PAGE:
What is Assertiveness?
Assertiveness is the ability to honestly express your opinions, feelings, attitudes, and rights, without undue anxiety, in a way that doesn't infringe on the rights of others.
Where does Non-Assertive Behavior come from?
Many of us are taught that we should always please and/or defer to others, that it is not nice to consider our own needs above those of others, or that we shouldn't "make waves", that if someone says or does something that we don't like, we should just be quiet and try to stay away from that person in the future.
Why is Assertiveness important?
If you don't know how to be assertive, you might experience:
- Depression -- Anger turned inward, a sense of being helpless, hopeless, or of having no control over your life.
- Resentment -- Anger at others for manipulating or taking advantage of you.
- Frustration -- Why did I allow that to happen?
- Temper/violence -- If you can't express anger appropriately, it may build up.
Most people find it easier to be assertive in some situations than in others. This makes perfect sense. It's a lot easier to hold your ground with a stranger than with someone you love who might get angry if you express your true feelings. But the more important the relationship is to you, the more important it is to be assertive. Assertive behaviors lead to increased respect from others, their willingness to see you as a person who respects him/herself, a worthwhile person, and a more loveable person!
Before you decide to act assertively in a given situation, you have to decide if you can live with the consequences. Although assertive behavior usually will result in a positive response, some people might react negatively to it.
If you're planning to try assertive behavior, remember that the other person is used to your behaving in a certain way, and may be confused when you change your communication style. Why not tell the other person up front what you're trying to do? It helps to choose a peaceful moment for this.
An example of an assertive communication:
"I need to tell you something and I'd like you to hear me out before you comment. I've noticed that whenever we have midterms, you forget to clean your side of the room. I know you get anxious when you have to take exams, but you're not cleaning the room really frustrates me. Can we clean the room together to create less stress for both of us?"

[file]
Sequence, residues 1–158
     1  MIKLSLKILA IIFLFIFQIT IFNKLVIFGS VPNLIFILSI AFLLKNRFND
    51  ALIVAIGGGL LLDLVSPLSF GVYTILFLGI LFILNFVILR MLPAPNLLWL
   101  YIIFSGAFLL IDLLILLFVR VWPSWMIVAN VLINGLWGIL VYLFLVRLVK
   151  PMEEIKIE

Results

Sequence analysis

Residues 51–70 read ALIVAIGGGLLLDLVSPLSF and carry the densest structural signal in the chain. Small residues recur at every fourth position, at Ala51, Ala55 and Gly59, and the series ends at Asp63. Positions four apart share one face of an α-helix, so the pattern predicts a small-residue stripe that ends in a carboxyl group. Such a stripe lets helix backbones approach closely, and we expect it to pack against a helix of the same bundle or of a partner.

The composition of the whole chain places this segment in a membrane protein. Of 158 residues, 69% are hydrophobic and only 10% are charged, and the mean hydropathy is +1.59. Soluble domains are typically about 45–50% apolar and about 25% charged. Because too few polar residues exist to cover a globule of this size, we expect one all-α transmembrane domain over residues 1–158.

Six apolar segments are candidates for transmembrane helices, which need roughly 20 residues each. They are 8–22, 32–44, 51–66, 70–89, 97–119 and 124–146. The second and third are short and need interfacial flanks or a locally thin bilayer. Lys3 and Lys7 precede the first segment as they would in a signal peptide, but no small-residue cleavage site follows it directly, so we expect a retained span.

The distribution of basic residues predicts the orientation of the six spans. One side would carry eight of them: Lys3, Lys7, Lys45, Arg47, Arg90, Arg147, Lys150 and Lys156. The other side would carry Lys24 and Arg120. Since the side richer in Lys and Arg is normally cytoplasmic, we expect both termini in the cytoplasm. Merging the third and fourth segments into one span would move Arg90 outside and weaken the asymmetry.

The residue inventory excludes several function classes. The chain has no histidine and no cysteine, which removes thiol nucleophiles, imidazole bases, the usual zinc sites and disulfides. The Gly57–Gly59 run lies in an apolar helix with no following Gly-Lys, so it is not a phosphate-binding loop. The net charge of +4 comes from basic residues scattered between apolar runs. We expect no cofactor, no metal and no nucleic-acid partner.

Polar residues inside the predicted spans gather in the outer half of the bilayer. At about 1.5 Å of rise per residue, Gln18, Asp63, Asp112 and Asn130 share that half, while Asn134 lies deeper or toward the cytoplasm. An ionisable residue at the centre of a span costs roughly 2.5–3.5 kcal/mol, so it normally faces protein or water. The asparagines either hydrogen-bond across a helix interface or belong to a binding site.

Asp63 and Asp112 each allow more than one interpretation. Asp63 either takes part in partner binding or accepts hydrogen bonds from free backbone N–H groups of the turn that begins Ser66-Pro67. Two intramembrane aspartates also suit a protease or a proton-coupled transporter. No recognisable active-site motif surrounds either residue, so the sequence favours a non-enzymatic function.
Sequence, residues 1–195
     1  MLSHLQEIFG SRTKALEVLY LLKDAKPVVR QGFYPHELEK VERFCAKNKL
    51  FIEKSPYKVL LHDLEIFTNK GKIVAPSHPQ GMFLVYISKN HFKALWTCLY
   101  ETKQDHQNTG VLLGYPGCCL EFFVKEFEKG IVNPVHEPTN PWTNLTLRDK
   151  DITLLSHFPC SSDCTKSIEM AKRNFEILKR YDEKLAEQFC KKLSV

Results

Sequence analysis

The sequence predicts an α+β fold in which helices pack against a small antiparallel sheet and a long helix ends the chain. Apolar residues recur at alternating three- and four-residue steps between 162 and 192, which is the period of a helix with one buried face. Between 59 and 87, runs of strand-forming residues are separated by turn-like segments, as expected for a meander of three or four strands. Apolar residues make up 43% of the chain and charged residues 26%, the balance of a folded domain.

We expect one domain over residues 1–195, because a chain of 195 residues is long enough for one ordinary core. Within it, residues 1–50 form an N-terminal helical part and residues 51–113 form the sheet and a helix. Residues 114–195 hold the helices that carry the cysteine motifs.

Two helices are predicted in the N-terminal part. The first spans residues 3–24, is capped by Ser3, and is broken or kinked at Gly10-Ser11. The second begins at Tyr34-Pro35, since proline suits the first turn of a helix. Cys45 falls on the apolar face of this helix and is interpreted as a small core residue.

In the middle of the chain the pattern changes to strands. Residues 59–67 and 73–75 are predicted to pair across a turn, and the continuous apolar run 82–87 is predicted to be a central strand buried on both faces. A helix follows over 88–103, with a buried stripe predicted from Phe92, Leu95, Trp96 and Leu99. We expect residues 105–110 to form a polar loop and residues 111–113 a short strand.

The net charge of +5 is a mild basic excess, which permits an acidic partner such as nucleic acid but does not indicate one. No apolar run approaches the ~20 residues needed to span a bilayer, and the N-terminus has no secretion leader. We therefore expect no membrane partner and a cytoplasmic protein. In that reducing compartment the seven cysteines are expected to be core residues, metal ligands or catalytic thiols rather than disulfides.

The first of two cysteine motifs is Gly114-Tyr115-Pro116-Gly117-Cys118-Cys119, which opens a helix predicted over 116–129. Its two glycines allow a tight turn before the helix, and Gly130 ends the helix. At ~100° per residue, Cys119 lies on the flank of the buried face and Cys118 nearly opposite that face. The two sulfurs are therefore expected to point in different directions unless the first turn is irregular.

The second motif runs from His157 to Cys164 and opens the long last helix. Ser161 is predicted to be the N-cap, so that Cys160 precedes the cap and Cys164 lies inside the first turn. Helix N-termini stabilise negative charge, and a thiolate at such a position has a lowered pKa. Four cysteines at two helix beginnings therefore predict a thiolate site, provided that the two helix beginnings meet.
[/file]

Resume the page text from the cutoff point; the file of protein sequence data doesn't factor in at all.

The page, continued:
Use assertive body language. Face the other person, stand or sit straight, don't use dismissive gestures, be sure you have a pleasant, but serious facial expression, keep your voice calm and soft, not whiney or abrasive.
Use "I" statements. Keep the focus on the problem you're having, not on accusing or blaming the other person. "I'd like to be able to tell my stories without interruption." instead of "You're always interrupting my stories!"
Use facts, not judgments. "Your punctuation needs work and your formatting is inconsistent" instead of "This is sloppy work." or "Did you know that shirt has some spots?" instead of "You're not going out looking like THAT, are you?"
Express ownership of your thoughts, feeling, and opinions. "I get angry when he breaks his promises." instead of "He makes me angry." or "I believe the best policy is to..." instead of "The only sensible thing is to ..."
Make clear, direct, requests. Don't invite the person to say no. "Will you please ... ?" instead of "Would you mind ... ?" or "Why don't you ... ?"
Broken record -- Keep repeating your point, using a low level, pleasant voice. Don't get pulled into arguing or trying to explain yourself. This lets you ignore manipulation, baiting, and irrelevant logic. Example: You are taking something back to a store that you know gives refunds, but the clerk first questions your decision, tries to imply that there's something wrong with you because you changed your mind, tells you that she can only give a store credit, etc. Using the broken record, you walk into the store and say "I decided I don't need this and I'd like my money back." Then no matter what the clerk says, you keep repeating "I decided I don't need this and I'd like my money back." If she doesn't get it, simply ask to speak to a manager and say the same thing.
One of the most common problems in communication is caused by trying to read people's minds or expecting them to read yours. If you want people to respond to your ideas and needs, you have to be able to say what they are, and say it in a way that will make others want to respond appropriately. Do you remember the self-efficacy part from the beginning of this piece? The belief that if you do something in a particular way, you will be effective? Even if you don't believe that now, but you muster your courage and try some of these techniques in situations that are not extremely threatening, the results will probably be so encouraging that you will begin to believe in your effectiveness.
If it's really scary to think about being assertive, try it first with people you don't know. Think of someone you know who is assertive and pretend you are that person. Once you become comfortable with assertive behaviors in less threatening situations, you can crank it up a notch and use it all the time. When assertiveness becomes a habit, you will wonder how you ever got along before you started using it. After you've become truly assertive, you probably won't need to use these techniques very much.
As people practice assertive communication, you can almost see that little spark of self-respect glimmer, flicker, take hold, and burst into flame. People can sense it when you respect yourself, and they will treat you with respect. And that is the ultimate goal of assertive communication.